Dec 08, 2022  
2021-2022 Lane Community College Catalog 
2021-2022 Lane Community College Catalog [ARCHIVED CATALOG]

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ANTH 232 - American Indian Studies

3 Credit(s)

Second term of a three-term sequence of Anthropology courses dealing with native cultures of North America, focusing on the people and cultures indigenous to the Central and Southwestern states of America. Kiowa, Mandan, Navaho, and Zuni cultures are emphasized. Course design as described for ANTH 231  and may be taken out of sequence.

Learning Outcomes
Upon successful completion of this course, the student will be able to:
1. Apply analytical skills to social phenomena in order to understand human behavior: Analyze and identify the main cultural and social characteristics Native American cultures in the Plains and Southwestern areas of the U.S., as well as the cultural beliefs, institutions, and practices which differentiation and integrate these two cultural areas
2. Apply knowledge and experience to foster personal growth and better appreciate the diverse social world in which we live: Compare and contrast Plains and Southwestern native cultural forms with one another and with modern contemporary religious, political, economic, and social beliefs and practice; noting the cultural diversity as well as the unity within and between these two native cultures
3. Understand the role of individuals and institutions within the context of society: Compare and contrast the communal and collective socio-cultural patterns of traditional Plains and Southwestern Indian cultures with the individualistic, atomistic socio-cultural patterns of modern America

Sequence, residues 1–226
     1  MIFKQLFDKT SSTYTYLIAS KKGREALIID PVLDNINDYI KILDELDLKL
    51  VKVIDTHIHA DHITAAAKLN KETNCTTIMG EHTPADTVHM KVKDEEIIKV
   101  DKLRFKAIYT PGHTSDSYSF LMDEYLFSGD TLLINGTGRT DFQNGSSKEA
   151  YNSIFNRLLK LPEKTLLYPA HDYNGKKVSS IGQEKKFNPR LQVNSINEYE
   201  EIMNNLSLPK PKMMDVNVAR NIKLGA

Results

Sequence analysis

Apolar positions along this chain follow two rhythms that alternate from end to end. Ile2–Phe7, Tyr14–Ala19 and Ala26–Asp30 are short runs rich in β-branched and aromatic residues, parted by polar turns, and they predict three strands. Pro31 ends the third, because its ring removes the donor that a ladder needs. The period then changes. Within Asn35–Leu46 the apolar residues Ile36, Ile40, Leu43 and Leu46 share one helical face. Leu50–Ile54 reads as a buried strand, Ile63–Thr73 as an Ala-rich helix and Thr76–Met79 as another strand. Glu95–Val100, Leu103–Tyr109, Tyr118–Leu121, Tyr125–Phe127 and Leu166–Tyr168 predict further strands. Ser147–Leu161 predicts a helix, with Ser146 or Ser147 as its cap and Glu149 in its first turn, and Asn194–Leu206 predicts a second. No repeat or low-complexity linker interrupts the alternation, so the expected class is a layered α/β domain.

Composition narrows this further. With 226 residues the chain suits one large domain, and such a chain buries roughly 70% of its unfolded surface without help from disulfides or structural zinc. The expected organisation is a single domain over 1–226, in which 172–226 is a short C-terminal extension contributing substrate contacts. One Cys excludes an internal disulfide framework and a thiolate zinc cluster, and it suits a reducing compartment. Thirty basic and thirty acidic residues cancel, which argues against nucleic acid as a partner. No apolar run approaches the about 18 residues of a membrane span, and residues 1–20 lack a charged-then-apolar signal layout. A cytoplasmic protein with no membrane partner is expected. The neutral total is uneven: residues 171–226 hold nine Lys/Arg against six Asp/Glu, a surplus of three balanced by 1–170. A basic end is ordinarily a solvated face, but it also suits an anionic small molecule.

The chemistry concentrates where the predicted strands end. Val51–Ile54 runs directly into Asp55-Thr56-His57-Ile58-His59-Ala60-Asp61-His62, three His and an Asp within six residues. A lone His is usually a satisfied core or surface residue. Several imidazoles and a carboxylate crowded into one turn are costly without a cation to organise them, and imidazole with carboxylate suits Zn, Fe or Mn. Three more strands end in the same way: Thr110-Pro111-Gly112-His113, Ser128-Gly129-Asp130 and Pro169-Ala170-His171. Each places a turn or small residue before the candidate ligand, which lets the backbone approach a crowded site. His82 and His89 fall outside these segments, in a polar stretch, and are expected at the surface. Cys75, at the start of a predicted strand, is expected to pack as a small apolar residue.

4. Assess different theories and concepts, and understand the distinctions between empirical and other methods of inquiry: Introduction and discussion of competing theories of the origin of "civilization"; the forces and factors contributing to the way given native cultures in North America developed. Analysis of the fit of these theories to what is known about Plains and Southwestern Indian cultures
5. Utilize appropriate information literacy skills in written and oral communication: In-class discussion and evaluation of course readings; term papers and take-home essay exams focusing on data and argument explication and evaluation
6. Understand the diversity of human experience and thought, individually and collectively: Identify cultural themes and patterns in Plains and Southwest Indian religion and mythologies, and their symbolization of differing world views, comparison and contrast of such with modern American religion and mythology
7. Apply knowledge and skills to contemporary problems and issues: Links Plains and Southwestern Indian subsistence, economic, and ecological practices and beliefs with their impact on the environment and the ecology, and the relevance of these to modern cultural ecology

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